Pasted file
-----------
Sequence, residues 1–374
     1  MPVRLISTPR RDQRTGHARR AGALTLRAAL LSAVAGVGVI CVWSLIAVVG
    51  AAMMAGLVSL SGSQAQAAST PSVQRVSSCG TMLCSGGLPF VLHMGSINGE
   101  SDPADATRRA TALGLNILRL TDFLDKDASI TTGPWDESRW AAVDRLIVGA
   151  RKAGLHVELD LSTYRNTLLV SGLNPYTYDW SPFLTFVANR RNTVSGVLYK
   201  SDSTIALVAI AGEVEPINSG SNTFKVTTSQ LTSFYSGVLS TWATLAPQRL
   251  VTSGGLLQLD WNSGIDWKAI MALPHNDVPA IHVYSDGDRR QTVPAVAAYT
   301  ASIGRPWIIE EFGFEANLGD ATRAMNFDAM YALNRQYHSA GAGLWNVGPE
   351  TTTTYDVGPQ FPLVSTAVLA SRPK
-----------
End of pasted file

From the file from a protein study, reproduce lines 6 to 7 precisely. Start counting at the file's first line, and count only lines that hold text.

   201  SDSTIALVAI AGEVEPINSG SNTFKVTTSQ LTSFYSGVLS TWATLAPQRL
   251  VTSGGLLQLD WNSGIDWKAI MALPHNDVPA IHVYSDGDRR QTVPAVAAYT